COLUMBIA — In a time of economic unease, Missouri hospitals seem to be recession-proof. Missouri hospitals have created 265,000 jobs and increased gross state product by $18.8 billion, an MU professor's research found.
“If you imagine the economy without that kind of steady growth contributed by the hospital sector, the recession would have been deeper, and we wouldn’t have had a continued flow of income and jobs,” said Tom Johnson, the Frank Miller Professor of Agricultural Applied Economics at the Truman School of Public Affairs.
Johnson’s study analyzed data from every hospital in the state of Missouri by region. Missouri hospitals account for 6 percent of the state’s economy and another 4 to 5 percent indirectly.
According to his research, the central Missouri region created 27,799 jobs and a $1.6 billion impact on the economy. The region includes Audrain, Boone, Callaway, Camden, Cole, Cooper, Crawford, Dent, Gasconade, Howard, Laclede, Maries, Miller, Moniteau, Morgan, Osage, Phelps, Pulaski and Washington counties.
Missouri hospitals attract many out-of-state patients, which brings extra revenue to the hospitals. Johnson’s study found this medical tourism created 45 jobs in central Missouri and increased Missouri’s gross state product by $1.4 million.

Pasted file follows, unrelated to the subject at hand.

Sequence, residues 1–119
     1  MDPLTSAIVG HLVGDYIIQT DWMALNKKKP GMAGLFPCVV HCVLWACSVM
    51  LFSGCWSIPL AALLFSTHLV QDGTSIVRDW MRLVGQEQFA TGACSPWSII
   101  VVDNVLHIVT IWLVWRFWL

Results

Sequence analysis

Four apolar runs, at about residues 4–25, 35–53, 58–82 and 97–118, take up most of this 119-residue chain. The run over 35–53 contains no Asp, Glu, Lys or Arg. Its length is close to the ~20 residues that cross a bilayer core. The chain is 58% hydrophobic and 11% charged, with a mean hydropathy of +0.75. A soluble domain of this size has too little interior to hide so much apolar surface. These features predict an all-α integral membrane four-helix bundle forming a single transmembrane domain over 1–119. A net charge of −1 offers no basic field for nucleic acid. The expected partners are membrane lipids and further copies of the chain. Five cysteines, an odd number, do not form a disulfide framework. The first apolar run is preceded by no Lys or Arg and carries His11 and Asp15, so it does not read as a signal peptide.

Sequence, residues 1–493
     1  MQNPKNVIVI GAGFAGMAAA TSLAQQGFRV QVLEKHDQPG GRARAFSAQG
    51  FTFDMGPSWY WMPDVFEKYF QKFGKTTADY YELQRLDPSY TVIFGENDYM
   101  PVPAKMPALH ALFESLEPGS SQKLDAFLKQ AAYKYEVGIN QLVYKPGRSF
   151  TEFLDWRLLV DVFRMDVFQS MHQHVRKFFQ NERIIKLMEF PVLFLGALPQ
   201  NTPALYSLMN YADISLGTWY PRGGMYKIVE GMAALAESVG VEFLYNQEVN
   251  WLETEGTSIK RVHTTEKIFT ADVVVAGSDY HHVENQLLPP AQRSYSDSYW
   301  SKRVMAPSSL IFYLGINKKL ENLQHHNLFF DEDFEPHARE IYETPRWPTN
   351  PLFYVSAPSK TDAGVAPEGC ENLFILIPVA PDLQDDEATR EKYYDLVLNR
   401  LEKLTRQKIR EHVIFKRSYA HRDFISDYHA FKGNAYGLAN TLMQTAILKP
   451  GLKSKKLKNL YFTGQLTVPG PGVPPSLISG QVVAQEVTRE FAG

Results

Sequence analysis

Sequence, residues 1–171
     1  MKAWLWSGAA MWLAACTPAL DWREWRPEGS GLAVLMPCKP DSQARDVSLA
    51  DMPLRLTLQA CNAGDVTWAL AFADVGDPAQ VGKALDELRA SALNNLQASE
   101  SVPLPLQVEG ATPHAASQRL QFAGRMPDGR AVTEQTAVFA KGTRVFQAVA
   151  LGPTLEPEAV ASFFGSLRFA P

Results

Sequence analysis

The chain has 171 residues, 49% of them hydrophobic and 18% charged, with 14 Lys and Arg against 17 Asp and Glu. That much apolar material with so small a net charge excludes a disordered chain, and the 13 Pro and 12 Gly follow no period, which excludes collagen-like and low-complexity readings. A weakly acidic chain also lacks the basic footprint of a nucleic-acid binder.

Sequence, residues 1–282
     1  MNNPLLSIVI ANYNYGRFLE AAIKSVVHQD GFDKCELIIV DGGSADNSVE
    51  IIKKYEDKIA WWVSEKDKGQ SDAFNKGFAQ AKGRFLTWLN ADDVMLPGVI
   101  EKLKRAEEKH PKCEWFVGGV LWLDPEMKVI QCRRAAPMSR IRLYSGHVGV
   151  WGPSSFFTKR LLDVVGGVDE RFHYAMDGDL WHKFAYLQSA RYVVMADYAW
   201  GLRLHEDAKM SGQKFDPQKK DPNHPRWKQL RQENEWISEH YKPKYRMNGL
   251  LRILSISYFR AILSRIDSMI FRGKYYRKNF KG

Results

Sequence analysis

“There are few very highly specialized cancer treatment centers around the country, and Missouri hospitals have some of them,” Johnson said. “They are a big attraction for out-of-state patients.”
Missouri hospitals have an even greater stabilizing effect on the economy in rural areas, Johnson said.
“If you compare metropolitan economies with rural economies, the average job in the rural area is at a lower wage rate, requires lower skills and is a smaller contribution to the economy,” Johnson said. “It is true hospital jobs are very similar in rural and urban areas, but if you compare jobs in rural areas, the hospital jobs are relatively better.”
The hospital sector does not fluctuate like other sectors might, Johnson said.
“A lot of our health care expenditures we can’t change because of the economy,” Johnson said. “Our need determines how much we go the hospital.”